Noronha moved to Madbury to start a church. The US Constitution (the foundation of our government) guarantees Mr. Noronha the right to freedom of religion. That same government also gives churches tax exempt status, so that they can stretch their dollars into doing the work their religion calls them to do - and gives their members the option of making tax deductible contributions. In other words, the government is supporting Christian service to God and people.

Noronha sold his first part to General Motors. Luckily, he can continue to sell parts to GM - thanks to government assistance, GM is alive and well.

Mr. Noronha has 325 employees and intends to add 200 more. Unless he's built his own infrastructure, his employees drive to work on the same roads and bridges that his products travel to market on. Roads and bridges built with our tax dollars. A large number of his employees were undoubtedly educated in public schools and colleges. Some of those employees may avail themselves of our public libraries. Some of them may even engage in recreational activities in our local, state, and national parks.

Mr. Noronha didn't have to cut down trees, clear a pasture, and build his own barn. He wasn't Pa Ingalls out on the prairie. The infrastructure that is part of his success was already in place, thanks to the local, state, and federal government.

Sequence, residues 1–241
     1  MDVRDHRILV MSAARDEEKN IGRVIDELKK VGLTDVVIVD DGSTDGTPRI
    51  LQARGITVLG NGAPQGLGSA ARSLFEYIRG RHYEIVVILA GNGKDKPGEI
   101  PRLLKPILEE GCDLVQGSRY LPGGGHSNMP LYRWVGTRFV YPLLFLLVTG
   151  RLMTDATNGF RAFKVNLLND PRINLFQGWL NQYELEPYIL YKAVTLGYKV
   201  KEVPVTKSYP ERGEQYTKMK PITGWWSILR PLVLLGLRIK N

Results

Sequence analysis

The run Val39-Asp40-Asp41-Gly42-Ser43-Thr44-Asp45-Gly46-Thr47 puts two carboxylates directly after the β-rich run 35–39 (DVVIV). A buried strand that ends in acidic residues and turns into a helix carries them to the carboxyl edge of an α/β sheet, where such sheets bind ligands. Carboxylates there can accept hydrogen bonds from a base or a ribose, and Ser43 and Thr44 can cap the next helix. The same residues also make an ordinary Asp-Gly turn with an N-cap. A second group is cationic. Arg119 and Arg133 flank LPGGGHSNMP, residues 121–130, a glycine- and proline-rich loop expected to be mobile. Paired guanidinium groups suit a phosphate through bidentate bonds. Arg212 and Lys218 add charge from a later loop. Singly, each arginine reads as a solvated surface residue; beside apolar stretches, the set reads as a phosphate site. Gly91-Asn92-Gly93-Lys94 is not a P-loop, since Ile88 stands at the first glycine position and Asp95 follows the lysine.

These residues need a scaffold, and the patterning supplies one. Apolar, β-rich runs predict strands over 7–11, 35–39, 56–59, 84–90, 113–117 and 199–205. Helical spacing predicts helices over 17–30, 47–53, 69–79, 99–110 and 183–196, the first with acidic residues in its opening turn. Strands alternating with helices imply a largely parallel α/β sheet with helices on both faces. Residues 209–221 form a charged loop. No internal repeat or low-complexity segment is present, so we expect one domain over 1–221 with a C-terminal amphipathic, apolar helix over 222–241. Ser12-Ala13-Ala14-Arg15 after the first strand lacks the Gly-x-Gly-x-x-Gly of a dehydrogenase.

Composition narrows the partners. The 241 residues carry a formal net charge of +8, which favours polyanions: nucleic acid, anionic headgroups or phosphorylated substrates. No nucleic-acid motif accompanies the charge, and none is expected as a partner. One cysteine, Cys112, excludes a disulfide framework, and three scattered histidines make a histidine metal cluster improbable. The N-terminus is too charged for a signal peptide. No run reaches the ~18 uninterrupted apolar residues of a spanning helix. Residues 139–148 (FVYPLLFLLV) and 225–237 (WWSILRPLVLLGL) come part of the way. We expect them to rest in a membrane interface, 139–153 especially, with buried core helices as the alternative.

Fortunately the same government that is considered unimportant by Mr. Noronha also provides him with the First Amendment, that allows him to criticize that government, without any repercussions. He can say any fool thing he wants, and Fergus Cullen can write piously about it in the Union Leader.

Truth can also rear its ugly head.

Turbocam is one of the US Govt. Small Business Administration's SBA 100, one of the business that has created over 100 jobs since receiving SBA assistance.
Assistance? From a government program??? Oh, say it ain't so! From the SBA website:

Turbocam grew from a modest beginning in Dover, NH. The company has used SBA-guaranteed loans on seven occasions to provide more than $5 million dollars to help support its growth between 1992 and 2009. During this time the number of employees grew from 18 in 1992 to over 250 in 2009.

This just illustrates the point the president was making. None of us succeed in a vacuum. We aren't in this together alone. Mr. Noronha had a great idea, and he used the resources available to him to parlay that idea into a very successful business.